Mayor Gavin Newsom is getting a lot of press for his own program which, along with housing, provides services for chronically homeless people to stabilize their lives and get them permanently off the streets. This is good for the people who are helped and good for the image of San Francisco. But the people who are helped are primarily single, adult males. Without taking away funding for these programs, more money needs to be allocated to provide subsidized housing for needy families.

The Coalition on Homelessness has studied the problem of homeless families and compiled a report documenting the needs of this underserved group. To read their "Housing First for Families" document is heartbreaking. Shelter space is so inadequate that it takes as long as five months to get a space in a full-time shelter. The wait for Section 8 housing averages four years! In the meantime, parents struggle to provide some sort of healthy and stable lives for their children. That's a task that's hard enough these days, even for families who are housed.

The Housing First report documents the effects of the homeless life on children. The findings would shame any civilized nation. These children are more likely to have chronic health problems, both physical and psychological. Asthma and frequent hospitalizations are common; and developmental delays, behavioral problems, and symptoms of depression and anxiety are evident. The children suffer from poor nutrition and hunger and do poorly in school.

Speakers at the City Hall rally who have experienced homelessness talked about their lives. Many families double up in a single unit to get off the streets or out of the shelters and SRO hotels, crowding an overwhelming number of people into one apartment. The diverse needs, conflicting schedules, and lack of privacy in such a limited space can't help but be enormously stressful to all the occupants.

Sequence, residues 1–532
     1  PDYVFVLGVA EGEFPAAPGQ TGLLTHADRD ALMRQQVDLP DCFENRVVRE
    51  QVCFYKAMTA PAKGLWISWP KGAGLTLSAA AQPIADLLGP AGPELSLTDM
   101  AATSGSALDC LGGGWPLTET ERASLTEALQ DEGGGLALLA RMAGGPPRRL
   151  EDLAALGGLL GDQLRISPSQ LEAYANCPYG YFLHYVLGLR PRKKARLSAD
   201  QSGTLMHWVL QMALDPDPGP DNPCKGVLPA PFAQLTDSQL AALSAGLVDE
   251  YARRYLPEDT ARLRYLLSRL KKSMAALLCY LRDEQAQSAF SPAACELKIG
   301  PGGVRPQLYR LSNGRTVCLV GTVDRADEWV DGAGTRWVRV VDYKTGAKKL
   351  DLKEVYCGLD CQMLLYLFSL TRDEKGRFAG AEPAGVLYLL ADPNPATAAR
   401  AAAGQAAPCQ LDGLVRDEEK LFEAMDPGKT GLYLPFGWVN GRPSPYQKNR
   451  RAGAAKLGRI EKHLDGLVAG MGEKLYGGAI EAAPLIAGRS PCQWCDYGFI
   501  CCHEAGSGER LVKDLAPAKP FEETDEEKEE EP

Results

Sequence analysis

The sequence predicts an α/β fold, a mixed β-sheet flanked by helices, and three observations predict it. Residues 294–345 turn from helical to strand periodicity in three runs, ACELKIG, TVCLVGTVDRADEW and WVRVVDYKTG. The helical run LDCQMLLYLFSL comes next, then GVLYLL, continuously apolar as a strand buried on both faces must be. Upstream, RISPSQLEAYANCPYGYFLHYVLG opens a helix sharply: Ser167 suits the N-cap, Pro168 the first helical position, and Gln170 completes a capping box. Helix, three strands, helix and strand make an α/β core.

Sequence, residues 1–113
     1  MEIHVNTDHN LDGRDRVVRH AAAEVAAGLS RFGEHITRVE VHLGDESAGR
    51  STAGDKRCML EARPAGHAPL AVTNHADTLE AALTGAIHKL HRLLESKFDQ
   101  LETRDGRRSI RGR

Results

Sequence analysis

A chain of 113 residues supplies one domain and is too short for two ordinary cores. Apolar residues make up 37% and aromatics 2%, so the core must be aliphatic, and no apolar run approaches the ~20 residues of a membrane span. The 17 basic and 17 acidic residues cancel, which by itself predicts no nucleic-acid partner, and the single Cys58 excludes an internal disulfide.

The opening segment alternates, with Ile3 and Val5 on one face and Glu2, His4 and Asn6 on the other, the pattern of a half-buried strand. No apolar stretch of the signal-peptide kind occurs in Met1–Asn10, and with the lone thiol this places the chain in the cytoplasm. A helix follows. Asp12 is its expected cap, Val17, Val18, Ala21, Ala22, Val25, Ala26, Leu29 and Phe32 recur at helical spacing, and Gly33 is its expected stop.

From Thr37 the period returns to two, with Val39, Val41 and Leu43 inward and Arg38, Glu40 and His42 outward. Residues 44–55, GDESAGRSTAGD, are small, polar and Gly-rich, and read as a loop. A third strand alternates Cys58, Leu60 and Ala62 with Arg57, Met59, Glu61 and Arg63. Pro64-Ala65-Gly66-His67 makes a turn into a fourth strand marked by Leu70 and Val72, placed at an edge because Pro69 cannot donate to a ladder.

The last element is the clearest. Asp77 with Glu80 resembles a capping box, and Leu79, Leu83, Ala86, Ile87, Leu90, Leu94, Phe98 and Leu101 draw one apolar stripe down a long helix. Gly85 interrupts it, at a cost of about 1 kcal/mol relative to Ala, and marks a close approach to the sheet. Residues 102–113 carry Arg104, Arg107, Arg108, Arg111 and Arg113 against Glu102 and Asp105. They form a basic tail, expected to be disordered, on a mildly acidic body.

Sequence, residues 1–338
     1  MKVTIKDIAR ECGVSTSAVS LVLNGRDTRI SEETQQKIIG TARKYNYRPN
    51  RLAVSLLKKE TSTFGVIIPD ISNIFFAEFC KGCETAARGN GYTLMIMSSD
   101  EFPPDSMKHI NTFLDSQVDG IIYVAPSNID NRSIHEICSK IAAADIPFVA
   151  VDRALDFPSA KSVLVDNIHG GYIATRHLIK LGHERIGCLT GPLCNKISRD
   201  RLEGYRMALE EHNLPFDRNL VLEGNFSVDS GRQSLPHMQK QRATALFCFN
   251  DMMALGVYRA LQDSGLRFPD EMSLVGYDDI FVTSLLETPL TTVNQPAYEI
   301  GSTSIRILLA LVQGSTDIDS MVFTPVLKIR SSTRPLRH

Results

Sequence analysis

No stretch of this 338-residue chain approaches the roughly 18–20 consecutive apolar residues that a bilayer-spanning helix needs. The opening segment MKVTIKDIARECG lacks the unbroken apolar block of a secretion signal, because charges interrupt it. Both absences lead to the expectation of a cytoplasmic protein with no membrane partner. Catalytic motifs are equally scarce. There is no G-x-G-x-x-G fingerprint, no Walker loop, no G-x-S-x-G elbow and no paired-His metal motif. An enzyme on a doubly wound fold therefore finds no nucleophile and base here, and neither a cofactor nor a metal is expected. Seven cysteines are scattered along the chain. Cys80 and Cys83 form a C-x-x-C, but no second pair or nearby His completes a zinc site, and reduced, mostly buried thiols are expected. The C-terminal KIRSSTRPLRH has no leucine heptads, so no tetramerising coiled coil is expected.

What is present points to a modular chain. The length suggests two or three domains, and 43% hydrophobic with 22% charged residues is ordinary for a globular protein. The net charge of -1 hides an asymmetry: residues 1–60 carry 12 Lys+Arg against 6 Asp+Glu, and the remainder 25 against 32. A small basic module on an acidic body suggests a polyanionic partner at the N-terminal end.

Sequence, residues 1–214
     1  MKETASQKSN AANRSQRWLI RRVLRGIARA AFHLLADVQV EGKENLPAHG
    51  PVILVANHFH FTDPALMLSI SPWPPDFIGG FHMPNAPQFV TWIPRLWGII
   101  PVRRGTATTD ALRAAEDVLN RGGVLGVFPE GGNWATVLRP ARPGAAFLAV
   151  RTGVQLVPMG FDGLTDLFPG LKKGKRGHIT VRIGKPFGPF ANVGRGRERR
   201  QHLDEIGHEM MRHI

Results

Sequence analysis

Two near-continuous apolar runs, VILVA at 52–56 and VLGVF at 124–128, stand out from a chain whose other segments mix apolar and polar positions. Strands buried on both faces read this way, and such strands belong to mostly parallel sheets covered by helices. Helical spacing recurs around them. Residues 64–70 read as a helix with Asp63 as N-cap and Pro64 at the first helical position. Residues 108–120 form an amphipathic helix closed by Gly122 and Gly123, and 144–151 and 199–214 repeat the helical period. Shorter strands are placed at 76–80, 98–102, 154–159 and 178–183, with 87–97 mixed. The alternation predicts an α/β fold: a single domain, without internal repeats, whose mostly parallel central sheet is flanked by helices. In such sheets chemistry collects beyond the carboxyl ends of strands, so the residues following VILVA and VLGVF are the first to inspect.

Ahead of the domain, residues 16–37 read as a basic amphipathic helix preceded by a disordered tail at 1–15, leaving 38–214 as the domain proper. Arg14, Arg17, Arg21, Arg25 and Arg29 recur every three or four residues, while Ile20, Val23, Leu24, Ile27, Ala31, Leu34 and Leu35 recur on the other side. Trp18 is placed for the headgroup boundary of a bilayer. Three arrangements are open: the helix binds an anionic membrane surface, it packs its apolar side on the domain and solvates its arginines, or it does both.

Jennifer Friedenbach, organizing director of the Coalition, presented their recommendations:
1. Twenty-five percent of the 3000 units of housing for homeless people should be set aside for families.
2. Also, 300 housing subsidies of $500 per family per month should be created. (Half of these have already been promised - now to make sure it really happens.)
3. Homeless prevention funds in San Francisco must be tripled.

Saints and prophets

The message of the demonstration was dramatized by the participation of a group of seminary students carrying giant puppets representing 13 saints and prophets. The students were part of a class in "Liberation Art" taught by Sally Hindman, cosponsored by Starr King School for the Ministry and the Graduate Theological Union Center for Art, Religion and Education in Berkeley.